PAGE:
As I was planning this outing I told the photographer that this post was going to focus on a study of the North Fork of Grassy Creek, the small stream that runs across the northernmost part of the preserve. Footpaths had been here twice before, once in the winter of 2022, when we highlighted the massive trees found in this old growth wood, and during the spring of 2022, which featured spring ephemeral wildflowers (see links at the end of the article). Frankly, I did not know what to expect to find in the heat of the summer in the mature wood, but I knew the stream would be there.
But nature was not going to allow this to be boring. Within 30 feet of stepping onto the trail I paused because something was different. Absent was the usual earthy musty smell of decaying leaves that I associate with a deeply shaded forest. I couldn’t put a name to it – but the photographer who caught up to me did – Curry. And she was right. We immediately started looking around for some flowering plant that could be emitting the scent, but none was found. Later in the hike, on the other side of the property, we smelled it again, and again no source was noted. Only later did online research give me an answer – Curry Milkcap Mushrooms. They release the curry aroma when they are drying out. I went back to the wood several days later and indeed, in the exact area where we had met the curry smell there were three relatively small mushrooms. Since the region had experienced significant rain since our previous visit, and there was a gusty breeze, the smell of curry was no longer present.
Near the trailhead we also caught up with some old friends – the monstrous Tulip-poplars that are the icons of this place. This single ridge hosts the highest concentration of big Tulip trees that I have ever seen.
Our senses were further activated by the myriad of bird calls gently broadcasting down from the canopy, 80-100 feet over our heads – heard but not seen.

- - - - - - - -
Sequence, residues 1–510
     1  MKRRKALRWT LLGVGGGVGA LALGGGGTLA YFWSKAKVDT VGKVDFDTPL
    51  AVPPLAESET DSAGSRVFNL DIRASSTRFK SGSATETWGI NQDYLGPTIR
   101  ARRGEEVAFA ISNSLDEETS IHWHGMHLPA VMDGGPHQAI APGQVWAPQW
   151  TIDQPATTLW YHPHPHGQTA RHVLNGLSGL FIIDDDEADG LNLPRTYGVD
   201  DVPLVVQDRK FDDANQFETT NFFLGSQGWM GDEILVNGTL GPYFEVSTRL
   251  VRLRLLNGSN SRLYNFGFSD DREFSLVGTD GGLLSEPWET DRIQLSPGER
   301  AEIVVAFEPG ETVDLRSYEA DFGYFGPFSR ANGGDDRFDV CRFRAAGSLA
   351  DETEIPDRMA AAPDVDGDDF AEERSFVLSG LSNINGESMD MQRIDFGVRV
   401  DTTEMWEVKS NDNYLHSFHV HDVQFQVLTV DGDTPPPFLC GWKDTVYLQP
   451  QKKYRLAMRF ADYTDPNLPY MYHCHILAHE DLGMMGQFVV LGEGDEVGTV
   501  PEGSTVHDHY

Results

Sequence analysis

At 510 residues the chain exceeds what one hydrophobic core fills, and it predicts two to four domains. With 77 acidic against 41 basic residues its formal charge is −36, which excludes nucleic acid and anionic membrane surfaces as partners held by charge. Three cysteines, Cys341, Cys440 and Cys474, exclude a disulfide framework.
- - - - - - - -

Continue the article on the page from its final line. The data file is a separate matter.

Other sensory stimuli came in the form of the light that filtered in through the tree tops, giving a spectrum of green glows to the vistas. Notice the two additional mammoth Tulip trees in this view.
The photographer was happy to see the improved trail signage that had been placed, as we had gotten off track on our first visit here, and some Footpaths followers had noted similar challenges on their visits.
It appears that the improved signage and active management have led to more visitors and consistent wear on the trail with a more clearly worn path.
While the northern aspect of the preserve is not truly “old growth”, it too harbors mature towering trees with long straight trunks.
After a walk along the ridge, the trail descends down into the valley of the North Fork of Grassy Creek.
This is a peaceful setting with the sounds of running water replacing the ambient noise of the nearby roadways.
Here the trail gave me easy access to the stream bed, where I partook in one of my favorite childhood activities – turning over rocks to look for stream life.
My effort was rewarded with some amphibian finds:
Wood Frog – Adults can reach up to 3 inches in length and their color can range from tan to dark brown or reddish-brown. I found a larger one of the same species but he escaped before we could get a photo.
Southern Two-lined Salamander – named for the dark stripes that occur on each side. As seen in the second photo, the stripe starts at its eye, and will run to the tip of its tail. It inhabits humid areas and is found in hardwood forests, swamps, and creeks. You can usually find them under rocks, logs, or leaf litter. Like frogs, they lay their eggs in standing water and their offspring have a tadpole stage.
And we did capture a photo of an even smaller one of these that I uncovered.
We also liked this image that captured light being refracted through the air bubbles that support the feet of the Water Striders.
The only negative of this endeavor was the moist valley harbored some mosquitoes, our first run in of the year. So don’t forget your bug spray.
After leaving the streamside the trail climbs a small grade and winds around a hill to ascend to another ridge.
In much of this stretch the trail parallels the stream providing the valley view as seen in the title photo.
The eastern aspect of this loop trail demonstrates the cycle of life as this area was previously populated by numerous enormous White Ash trees, but the Emerald Ash Borer changed that. This photo shows an ash tree carcass that recently crossed the path and gives you an idea of the size of the trees that have been lost. There is a short trail detour around this log.
Another feature of the eastern section of the trail is the presence of Linden trees. Linden trees are somewhat uncommon in the eastern deciduous forest, but we saw several of them here. First was this multi-trunk specimen. A tree with six healthy trunks is unusual.
A somewhat more impressive Linden was noted when we came across this obstruction on the trail. It had the winged fruit of a Linden tree and the fallen branch itself was as large as a good sized tree.
When we looked around we found the parent plant, perhaps the largest Linden that I have ever seen. I think that the branch came off the fractured lower limb.